• Ristorante Stuzzichino, Via Pietro Manzi, 30, ☎ +39 0766 32945. Open at night and at lunch, it's situated in the historical city centre of Civitavecchia. You can taste the local seafood cuisine, in a cozy atmosphere. The restaurant is not very big, so it's recommended to make a reservation.

Safety in Civitavecchia, Italy

Rome is generally a safe place, even for women travelling alone. However, there have been rape cases around Termini station, so be careful (especially at night time). There is very little violent crime, but plenty of scams and pickpocketing that target tourists. As in any other big city, it is better if you don't look like a tourist: don't exhibit your camera or camcorder to all and sundry, and keep your money in a safe place. Consciousness and vigilance are your best insurances for avoiding becoming a victim of a crime in Rome. Remember, if you are pickpocketed or victim of another scam, don't be afraid to shout, "Aiuto, al ladro!" (Help, Thief!) Romans will not be nice to the thief.

Members of the Italian public are likely to be sympathetic if you are a crime victim. Police are also generally friendly if not always helpful. Carabinieri (black uniform, red striped trousers) are military police while the Polizia (blue and grey uniform) are civilians, but they both do essentially the same thing and are equally good, or bad. If you are robbed, try to find a police station ("commissariato") and report it. This is essential to establishing a secure insurance claim and to replace documents: the chances of it resulting in the return of your possessions are, however, fairly remote.

Rome is home to two rivals Serie A football clubs - A.S. Roma and S.S. Lazio; there's a long history of conflict, and even rioting, between the two. Never wear anything that shows that you support either of them during the Derby (when the two clubs play each other): avoid even wandering into groups of supporters of the other club, or you may be subject to heckling or even confrontation. Play it safe and refrain from openly supporting either club unless you are very familiar with the rivalry. If you are a fan of a foreign team that is playing in Rome, be careful as a number of supporters have been stabbed over the past few years. A.S. Roma's colours are yellow and red (more precisely, orange and garnet-coloured, the same you can see on the city's flag); S.S. Lazio's livery is composed by white and light blue (azure). Other tee-shirts not appreciated: Juventus (black and white vertical stripes), Milan (red and black), Inter (blue and black) - but they are twins with Lazio - and Napoli (light blue). However, don't take these tips too seriously: it is extremely unlikely that you'll ever get in any trouble whatsoever just for wearing other teams' tee-shirts (especially in the central areas).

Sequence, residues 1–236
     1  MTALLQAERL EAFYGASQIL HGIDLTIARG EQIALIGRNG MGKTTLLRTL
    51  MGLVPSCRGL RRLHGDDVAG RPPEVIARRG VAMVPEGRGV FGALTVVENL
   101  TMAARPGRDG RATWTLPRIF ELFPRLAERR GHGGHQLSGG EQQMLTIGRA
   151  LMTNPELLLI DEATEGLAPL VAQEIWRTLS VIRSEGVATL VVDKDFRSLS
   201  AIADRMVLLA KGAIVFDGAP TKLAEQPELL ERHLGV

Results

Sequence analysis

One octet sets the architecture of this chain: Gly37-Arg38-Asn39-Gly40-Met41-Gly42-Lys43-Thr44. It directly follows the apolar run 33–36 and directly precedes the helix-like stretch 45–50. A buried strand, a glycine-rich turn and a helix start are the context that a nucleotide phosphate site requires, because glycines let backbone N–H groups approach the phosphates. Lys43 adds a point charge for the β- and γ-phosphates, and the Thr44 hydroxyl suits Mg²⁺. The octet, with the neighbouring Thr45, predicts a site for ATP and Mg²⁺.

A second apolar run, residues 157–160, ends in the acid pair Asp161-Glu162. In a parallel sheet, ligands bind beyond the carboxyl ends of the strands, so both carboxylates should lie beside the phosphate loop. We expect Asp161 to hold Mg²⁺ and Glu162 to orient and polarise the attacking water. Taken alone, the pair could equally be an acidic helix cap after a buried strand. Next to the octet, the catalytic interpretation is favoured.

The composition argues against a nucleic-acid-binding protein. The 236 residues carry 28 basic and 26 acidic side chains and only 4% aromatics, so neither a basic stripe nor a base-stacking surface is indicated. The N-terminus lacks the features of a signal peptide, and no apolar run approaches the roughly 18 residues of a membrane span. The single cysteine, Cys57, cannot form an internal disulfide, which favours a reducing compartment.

Since Rome is incredibly popular as a tourist destination, a great deal of pickpocketing and/or bag or purse snatching takes place - especially in crowded locations - and pickpocketers can get pretty crafty. A 2010 study found that Rome was second only to Barcelona for pickpocketing of tourists.

As a rule, you should pretty much never carry anything very valuable in any outside pocket - the back pocket of your trousers is one of the easiest and most common targets. Keeping your wallet in your front pocket or in your bag is far from safe; you should consider using a money belt and carry only the cash for the day in your pocket.

Also, beware of thieves — they will use the old trick of one person trying to distract you (asking for a cigarette or doing a strange dance) while another thief picks your pockets from behind. Bands of kids will sometimes crowd you and reach for your pockets under the cover of newspapers or cardboard sheets. It is generally a good idea to be extremely wary of any strange person who gets too close to you, even in a crowd. If someone is in your personal space, shove the person away. As one frequent traveler put it, "Don't be afraid to be a dick in Rome." It is better to be rude than to be stolen from.

Termini (the main railway station), bus line # 64, the central stops of the Metro and Trevi fountain are well-known for pickpockets, so take extra care in these areas.

Remember that hotel rooms are not safe places for valuables; if your room has no safe, give your valuables to the hotel staff for safekeeping. Even if they do have a safe, hotels will usually warn you that they have no liability (unless you put your items in the hotel's safe). This is not true, as it is against the Italian normative on hotel responsibilities.

Be aware of the danger and take the usual precautions and you should be all right. You don't need to be paranoid, just keep your eyes open and use your common sense!

Tourist scams

Read up on the legends concerning tourist scams: most of them occur regularly in the city centre and you will want to see them coming.

One of the recent scams is when you get out of the airport and look for the airport shuttle to Termini Station. One of the three service providers (Schiaffini since previous reports), will sell you a ticket and hurry you to the bus, saying that the bus will depart anytime. Being worried and hurried, you forget to receive your change, and since this must be paid in cash, it will be very hard to show that no change was given. Also, it was witnessed that they don't give change and want exact change sometimes, since most people don't care about one or two euros, some will let this slip, and take the bus anyways. Beware, you're entitled to your change no matter if it's one cent or two euros.